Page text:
Originally Posted by ScadsOBees
Chipper (round): The most versatile cutter type. The Chipper chain is the easiest to file and will tolerate the most dirt and dust. Chipper chain cuts smoothly and is sort of an all-purpose saw chain, for most tasks.
Chisel (square): This is the most aggressive chain cutter type. It is a square-cut design used by production logging crews and should only be used by experienced sawyers. Chisel chain requires a file that fits the square shape of the cutting edge, and therefore it is more difficult to file than other types of chain. Chisel chain also dulls very quickly when it is hits dirt. It is not recommended for brushing or limbing out logs because of the potential for kickback.
Semichisel: A less aggressive cutter type than chisel. Unlike the square cut of the chisel, a round file is used with a file guide when filing semichisel chain. The semichisel cutter is more tolerant of dirt and dust and stays sharp longer than the other cutters.
A low kickback chain is an option available for all three primary cutters, and allows safety for new users, or occasional users of the saws (or for anyone who wants to safely cut wood).
In addition to the cutter types, there are characteristics of the sequences of the chain lines, as: Standard, Semi-skip or full skip chain. The cutter sequence is based primarily on bar length, and usage. Standard (most cutters per length) is used on bars less than 24", Full skip on larger bars, and semi-skip for soft or fibrous woods. The antikickback features on saw chains are based on the design of what are called tie straps, which connect between the cutters.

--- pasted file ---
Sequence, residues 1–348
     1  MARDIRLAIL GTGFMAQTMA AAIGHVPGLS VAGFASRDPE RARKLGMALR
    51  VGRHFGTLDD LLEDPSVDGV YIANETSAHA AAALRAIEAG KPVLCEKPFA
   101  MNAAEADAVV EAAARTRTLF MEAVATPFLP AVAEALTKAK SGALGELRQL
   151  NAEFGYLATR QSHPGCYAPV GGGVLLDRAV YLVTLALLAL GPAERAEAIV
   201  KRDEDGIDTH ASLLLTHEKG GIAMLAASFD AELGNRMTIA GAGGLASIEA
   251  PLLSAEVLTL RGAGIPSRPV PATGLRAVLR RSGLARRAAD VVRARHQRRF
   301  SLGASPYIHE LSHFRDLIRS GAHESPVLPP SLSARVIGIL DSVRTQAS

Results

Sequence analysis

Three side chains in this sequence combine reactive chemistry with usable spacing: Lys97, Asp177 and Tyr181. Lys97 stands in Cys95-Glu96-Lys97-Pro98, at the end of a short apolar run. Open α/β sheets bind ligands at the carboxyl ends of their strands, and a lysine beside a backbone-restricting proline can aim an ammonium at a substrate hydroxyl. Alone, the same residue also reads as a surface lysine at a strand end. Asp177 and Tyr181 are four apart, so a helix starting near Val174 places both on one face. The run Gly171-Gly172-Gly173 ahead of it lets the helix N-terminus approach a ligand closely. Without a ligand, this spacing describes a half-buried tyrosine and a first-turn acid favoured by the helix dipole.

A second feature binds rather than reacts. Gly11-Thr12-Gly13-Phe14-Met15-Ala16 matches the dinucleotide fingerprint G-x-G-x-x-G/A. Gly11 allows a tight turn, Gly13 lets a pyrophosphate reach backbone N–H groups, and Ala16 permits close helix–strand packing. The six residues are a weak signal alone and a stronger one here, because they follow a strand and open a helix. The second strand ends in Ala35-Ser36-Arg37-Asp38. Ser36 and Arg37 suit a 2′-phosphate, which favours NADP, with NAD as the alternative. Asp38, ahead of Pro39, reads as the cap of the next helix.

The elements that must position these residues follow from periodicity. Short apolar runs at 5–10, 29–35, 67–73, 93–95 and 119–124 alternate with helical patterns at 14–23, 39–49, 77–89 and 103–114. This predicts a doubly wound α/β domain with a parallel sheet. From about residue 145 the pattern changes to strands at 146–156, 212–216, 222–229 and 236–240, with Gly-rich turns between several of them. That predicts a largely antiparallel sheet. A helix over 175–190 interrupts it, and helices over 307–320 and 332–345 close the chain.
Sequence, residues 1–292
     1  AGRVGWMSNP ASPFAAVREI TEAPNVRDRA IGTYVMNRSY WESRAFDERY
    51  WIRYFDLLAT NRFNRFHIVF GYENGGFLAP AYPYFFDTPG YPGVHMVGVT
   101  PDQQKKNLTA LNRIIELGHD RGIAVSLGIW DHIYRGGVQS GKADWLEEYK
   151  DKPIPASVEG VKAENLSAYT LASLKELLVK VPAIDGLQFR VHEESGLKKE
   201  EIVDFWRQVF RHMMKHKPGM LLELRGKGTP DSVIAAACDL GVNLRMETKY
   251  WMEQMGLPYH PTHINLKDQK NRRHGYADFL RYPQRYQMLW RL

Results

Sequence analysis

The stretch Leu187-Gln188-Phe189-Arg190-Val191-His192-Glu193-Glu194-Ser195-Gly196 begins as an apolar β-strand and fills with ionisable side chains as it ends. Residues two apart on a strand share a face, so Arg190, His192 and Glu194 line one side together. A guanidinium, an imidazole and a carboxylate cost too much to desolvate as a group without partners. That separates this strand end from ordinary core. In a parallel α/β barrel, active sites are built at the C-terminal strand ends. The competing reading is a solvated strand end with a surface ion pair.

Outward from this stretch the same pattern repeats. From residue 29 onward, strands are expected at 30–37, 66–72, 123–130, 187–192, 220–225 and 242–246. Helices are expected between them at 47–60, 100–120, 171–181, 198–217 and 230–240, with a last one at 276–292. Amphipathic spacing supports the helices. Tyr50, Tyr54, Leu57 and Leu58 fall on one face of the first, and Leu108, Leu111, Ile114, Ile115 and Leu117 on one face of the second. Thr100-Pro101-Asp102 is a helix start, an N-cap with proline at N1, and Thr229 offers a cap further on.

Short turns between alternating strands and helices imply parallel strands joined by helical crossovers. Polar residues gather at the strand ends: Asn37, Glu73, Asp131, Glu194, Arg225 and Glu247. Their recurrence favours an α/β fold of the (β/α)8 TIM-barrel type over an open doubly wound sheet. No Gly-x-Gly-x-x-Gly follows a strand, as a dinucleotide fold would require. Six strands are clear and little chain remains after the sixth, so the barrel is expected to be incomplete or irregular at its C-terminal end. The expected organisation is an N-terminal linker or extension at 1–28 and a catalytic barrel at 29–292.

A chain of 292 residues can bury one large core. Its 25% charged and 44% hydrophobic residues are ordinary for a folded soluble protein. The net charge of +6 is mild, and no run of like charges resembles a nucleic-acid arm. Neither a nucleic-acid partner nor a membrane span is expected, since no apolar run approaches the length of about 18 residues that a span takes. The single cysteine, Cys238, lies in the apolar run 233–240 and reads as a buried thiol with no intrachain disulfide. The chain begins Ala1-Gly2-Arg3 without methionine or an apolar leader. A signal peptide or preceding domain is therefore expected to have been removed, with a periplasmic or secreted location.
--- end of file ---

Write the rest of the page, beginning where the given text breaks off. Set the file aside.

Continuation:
In addition to MM's excellent list of chain info you have to
Originally Posted by ScadsOBees
match the bar gauge. The groove the chain rides in matters.
Keep that groove clean and now and then pull the bar off,
turn it "upside down" and file off the outer edge if it has a
burr. Rotating the bar will add life to the bar as it wears more
on the wood side due to pressure.
When the bar is off inspect the edges for heat discoloration and
Make sure the saw is always putting out adequate oil for
Little saws just don't do well with aggressive chain IMO.
They take a lot more power to cut.
Thanks for the info! It all makes good sense, even though it never occurred to me.
Scads, There are differnt "pitch" and size chains too. Your bar should give you the info you need. Its usually printed near the saw side of the bar w/ the amt of links that bar takes. So get the right chain w/ the roght amt of links too!!!!
Just be careful and you'll be fine.
Yuo are starting out w/ a small Paulin saw whick will work for small tasks. The more aggressive chains DO take some power to get that extra bite but it may work for you. ITs only around $8 so might be worth a try?
When and if you decide to get a bigger one I sure recomend Stihl saws.
Mine starts every time after 3-4 pulls. I've had McCollugh, Homelite, Huskavarna, and a few others but that Stihl sure outstarts them all!!! Just an FYI and opinion.
riverrat....you surf the treehouse?
nope cant say I have been there Pm me with the info
Originally Posted by No_Bivy
Could someone explain to me why it takes sooo many idiots like that to make the "world go round"
Too bad he ruined a good tool! Was the oil res empty? Could he have the wrong chain on it too? Its getting a nice chill in the air. Perfect chainsaw weather I think!!!!